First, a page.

Capitalism: A Love Story
Directed by Michael Moore
You can’t expect subtlety from a film that regularly proclaims “This is America” or “This is capitalism” after some singular, perverse example of self-interest run amok. But though Moore’s op-ed-like broadsides always needs to come with the asterisk to leave polemical and factual rigor at the door, his latest more or less succeeds at its dual-layered, skillfully propagandistic aims: stoke rage against banking industry bandits, while phasing in an explication and endorsement of socialist practices and ethos that grows less and less coded.
Bookending with woeful tales of eviction, Moore follows his usual one-two of rabble-rousing through newsmagazine-worthy outrages, and then whipping out a history-laid-bare retelling of America’s modern era with cheap laughs at the ready. The list can seem almost randomly inductive: “condo vulture” foreclosure-sale, privatized juvenile detention, underpaid airplane pilots, secret company-owned insurance policies on employees. Then, so primed, we learn of the 30-year financial takeover, hatched under Reagan, and government infiltration by banking magnates. (There’s also a sublime WTF moment when Moore visits his good friend and economist… Wallace Shawn.)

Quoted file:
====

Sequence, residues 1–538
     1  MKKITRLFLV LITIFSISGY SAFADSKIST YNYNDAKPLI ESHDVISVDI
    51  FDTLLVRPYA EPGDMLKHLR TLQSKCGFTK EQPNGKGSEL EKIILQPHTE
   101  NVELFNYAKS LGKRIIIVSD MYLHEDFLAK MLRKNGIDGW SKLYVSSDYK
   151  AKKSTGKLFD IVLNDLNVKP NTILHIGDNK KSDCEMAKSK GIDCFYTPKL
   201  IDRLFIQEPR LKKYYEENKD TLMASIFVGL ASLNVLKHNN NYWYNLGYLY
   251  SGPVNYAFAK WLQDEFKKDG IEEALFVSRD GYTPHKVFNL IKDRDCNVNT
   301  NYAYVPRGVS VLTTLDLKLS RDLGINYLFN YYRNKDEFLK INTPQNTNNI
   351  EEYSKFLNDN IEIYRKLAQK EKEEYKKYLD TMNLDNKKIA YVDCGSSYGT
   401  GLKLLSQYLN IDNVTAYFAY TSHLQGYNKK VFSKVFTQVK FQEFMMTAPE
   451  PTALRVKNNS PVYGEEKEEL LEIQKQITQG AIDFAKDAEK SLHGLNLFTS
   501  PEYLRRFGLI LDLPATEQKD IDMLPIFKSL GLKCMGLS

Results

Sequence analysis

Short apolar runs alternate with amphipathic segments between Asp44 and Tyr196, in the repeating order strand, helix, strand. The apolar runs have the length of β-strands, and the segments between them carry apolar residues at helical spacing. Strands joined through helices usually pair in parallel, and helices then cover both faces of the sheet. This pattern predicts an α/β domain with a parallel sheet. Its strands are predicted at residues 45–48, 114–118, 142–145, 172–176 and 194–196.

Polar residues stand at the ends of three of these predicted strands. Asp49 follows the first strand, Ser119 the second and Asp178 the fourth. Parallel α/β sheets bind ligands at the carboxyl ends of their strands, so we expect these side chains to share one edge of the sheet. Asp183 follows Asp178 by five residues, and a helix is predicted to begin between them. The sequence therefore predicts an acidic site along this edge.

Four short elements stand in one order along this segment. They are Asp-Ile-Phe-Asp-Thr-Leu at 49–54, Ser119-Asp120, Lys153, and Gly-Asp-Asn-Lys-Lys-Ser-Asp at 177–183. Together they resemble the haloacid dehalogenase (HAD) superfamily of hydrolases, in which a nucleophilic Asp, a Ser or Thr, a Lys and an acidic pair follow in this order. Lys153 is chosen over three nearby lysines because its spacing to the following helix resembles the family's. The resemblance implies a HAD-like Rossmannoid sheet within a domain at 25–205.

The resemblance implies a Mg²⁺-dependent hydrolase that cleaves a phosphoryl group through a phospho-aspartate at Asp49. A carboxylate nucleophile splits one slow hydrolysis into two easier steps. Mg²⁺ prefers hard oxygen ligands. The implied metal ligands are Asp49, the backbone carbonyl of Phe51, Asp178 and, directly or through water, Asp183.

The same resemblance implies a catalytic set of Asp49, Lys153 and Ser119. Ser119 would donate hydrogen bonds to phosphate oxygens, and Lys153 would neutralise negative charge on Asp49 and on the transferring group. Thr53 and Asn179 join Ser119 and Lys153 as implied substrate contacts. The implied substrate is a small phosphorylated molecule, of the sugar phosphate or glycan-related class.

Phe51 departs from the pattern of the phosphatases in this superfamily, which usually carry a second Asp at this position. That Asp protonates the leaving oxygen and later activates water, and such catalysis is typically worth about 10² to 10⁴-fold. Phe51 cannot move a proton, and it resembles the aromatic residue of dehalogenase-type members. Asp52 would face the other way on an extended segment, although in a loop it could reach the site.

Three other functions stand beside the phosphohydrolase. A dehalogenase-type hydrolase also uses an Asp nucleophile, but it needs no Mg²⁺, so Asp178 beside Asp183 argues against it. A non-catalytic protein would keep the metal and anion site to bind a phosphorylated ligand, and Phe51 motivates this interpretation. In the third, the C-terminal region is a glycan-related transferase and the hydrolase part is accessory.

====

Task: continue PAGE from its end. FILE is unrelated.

Moore’s format and some of his material does have an element of rehash (consciously, in the case of a Roger and Me update, and a visit with Dad). But there’s also an almost quaint effort to get across communal values through instructive means: solidarity and the payoff of protests, in the example of a notorious post-layoff factory sit-in; the power of cooperatives; and the cannibalistic tendencies induced by the profit motive. It’s a small step beyond Moore’s usual problem of leaving his supporters rabid but unequipped.
Opens September 25